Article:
Exogenous and endogenous cannabinoids have been shown to have neuroprotective effects in vitro and in vivo. Although many of the pharmacological effects of cannabinoids have been identified, the mechanism of neuroprotection still represents a controversy. Here we demonstrate for the first time protective effects of the synthetic cannabinoid dexanabinol by inhibiting apoptosis in a neuron-like cell line using nuclear staining and FACS analysis and in primary neurons. We provide further evidence of inhibition of nuclear factor-κkappa B (NF-κB) by dexanabinol: Dexanabinol inhibits (1) phosphorylation and degradation of the inhibitor of NF-κB IκBα and translocation of NF-κB to the nucleus; dexanabinol reduces (2) the transcriptional activity of NF-κB and (3) mRNA accumulation of the NF-κB target genes tumor necrosis factor-alpha and interleukin-6 (TNF-α and IL-6). Dexanabinol does not bind to cannabinoid (CB) receptors 1 and 2. To investigate the mechanism of action, we employed the non-antioxidant CB1 receptor agonist WIN 55,212-2 and the antioxidant cannabinol, which binds to CB1 receptors only weakly. Both cannabinoids mimicked the effect of dexanabinol on NF-κB and apoptosis. This suggests that neither the antioxidant properties of cannabinoids nor binding to CB1 or CB2 receptors are responsible for the inhibition of NF-κB activity and apoptosis. Our results clearly demonstrate that dexanabinol inhibits NF-κB. NF-κB has been shown to be involved in brain damage and to promote neuronal cell death in vitro and in in vivo models of ischemic and neurodegenerative neurological diseases.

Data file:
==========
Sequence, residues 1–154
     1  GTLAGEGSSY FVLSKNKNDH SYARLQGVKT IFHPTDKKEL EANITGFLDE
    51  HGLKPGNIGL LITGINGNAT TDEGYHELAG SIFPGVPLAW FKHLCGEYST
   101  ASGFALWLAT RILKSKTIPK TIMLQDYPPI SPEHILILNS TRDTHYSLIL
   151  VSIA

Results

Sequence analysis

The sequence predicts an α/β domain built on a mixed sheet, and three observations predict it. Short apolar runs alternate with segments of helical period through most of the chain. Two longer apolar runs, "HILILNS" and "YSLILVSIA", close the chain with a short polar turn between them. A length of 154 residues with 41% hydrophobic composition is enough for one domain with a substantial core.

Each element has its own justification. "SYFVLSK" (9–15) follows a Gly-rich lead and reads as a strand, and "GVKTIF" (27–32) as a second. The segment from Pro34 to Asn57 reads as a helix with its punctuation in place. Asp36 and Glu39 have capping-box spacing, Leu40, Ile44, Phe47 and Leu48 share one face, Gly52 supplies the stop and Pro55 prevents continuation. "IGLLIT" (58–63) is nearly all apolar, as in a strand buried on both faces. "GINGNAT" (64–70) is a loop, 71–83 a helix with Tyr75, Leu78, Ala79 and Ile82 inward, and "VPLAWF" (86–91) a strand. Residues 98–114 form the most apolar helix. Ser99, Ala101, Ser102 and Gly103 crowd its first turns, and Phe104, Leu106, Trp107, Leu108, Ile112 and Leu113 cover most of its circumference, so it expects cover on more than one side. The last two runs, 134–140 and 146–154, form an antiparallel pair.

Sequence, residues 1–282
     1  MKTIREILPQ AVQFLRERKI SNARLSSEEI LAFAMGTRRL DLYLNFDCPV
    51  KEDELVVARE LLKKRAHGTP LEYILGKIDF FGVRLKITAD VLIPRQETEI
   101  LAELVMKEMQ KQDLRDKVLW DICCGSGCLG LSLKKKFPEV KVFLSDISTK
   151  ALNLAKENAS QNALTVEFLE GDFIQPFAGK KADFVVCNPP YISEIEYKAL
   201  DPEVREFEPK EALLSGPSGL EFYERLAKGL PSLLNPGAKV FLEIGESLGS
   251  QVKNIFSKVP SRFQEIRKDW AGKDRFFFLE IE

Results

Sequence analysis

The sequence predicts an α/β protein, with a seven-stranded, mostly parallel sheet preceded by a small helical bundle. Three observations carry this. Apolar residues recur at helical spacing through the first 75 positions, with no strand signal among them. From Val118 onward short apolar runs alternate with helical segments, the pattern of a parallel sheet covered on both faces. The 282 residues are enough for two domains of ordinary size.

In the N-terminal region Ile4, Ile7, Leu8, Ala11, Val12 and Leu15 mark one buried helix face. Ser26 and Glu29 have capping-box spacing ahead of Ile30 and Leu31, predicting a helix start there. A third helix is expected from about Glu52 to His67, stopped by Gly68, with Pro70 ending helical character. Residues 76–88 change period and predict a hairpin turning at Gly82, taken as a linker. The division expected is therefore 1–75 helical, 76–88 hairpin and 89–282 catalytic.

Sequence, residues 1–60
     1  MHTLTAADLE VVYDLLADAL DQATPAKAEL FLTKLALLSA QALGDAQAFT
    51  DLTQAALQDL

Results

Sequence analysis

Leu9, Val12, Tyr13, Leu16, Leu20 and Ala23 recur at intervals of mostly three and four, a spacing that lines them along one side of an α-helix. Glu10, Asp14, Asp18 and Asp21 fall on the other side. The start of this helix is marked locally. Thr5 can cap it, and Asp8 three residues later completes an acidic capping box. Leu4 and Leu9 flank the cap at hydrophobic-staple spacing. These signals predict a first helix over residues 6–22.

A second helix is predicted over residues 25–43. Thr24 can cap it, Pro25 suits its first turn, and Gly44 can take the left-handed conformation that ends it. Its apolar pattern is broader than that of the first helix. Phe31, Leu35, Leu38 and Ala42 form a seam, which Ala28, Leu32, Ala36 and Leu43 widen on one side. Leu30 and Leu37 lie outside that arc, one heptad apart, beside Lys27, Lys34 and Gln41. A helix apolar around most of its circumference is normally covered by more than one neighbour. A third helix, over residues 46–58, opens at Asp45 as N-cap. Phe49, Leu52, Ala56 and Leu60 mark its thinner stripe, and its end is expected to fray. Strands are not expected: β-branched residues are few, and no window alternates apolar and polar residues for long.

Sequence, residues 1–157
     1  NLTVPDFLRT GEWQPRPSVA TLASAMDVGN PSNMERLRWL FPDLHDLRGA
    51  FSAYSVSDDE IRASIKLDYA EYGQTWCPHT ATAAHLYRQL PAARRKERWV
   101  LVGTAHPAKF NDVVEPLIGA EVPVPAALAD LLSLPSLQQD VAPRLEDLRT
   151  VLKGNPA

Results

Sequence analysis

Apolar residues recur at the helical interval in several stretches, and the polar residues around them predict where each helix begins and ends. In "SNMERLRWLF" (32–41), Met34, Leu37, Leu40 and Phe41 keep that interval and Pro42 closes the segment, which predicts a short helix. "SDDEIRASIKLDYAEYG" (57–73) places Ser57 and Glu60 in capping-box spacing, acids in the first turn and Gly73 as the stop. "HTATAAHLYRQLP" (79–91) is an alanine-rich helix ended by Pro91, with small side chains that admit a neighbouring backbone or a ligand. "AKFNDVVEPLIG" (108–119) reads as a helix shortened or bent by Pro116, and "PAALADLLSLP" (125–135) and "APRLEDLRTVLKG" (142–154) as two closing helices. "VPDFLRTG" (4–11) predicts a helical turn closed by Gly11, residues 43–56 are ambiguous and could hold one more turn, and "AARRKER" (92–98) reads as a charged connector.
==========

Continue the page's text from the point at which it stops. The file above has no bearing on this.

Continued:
Research Areas and Centers
- Academic Focus: Center for Brain, Behavior and Metabolism (CBBM)